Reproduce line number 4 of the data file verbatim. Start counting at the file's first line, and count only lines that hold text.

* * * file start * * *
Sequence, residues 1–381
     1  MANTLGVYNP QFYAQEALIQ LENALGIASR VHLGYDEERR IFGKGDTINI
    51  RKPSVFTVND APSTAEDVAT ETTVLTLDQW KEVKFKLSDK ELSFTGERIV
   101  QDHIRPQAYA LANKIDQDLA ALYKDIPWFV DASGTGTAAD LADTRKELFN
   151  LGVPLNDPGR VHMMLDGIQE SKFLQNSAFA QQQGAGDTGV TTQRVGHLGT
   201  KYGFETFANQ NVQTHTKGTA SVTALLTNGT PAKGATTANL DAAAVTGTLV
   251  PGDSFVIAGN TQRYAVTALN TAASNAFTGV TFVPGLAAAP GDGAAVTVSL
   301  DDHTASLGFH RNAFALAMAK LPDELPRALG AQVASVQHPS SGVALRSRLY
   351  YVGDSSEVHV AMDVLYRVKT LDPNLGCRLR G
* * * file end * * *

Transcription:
   101  QDHIRPQAYA LANKIDQDLA ALYKDIPWFV DASGTGTAAD LADTRKELFN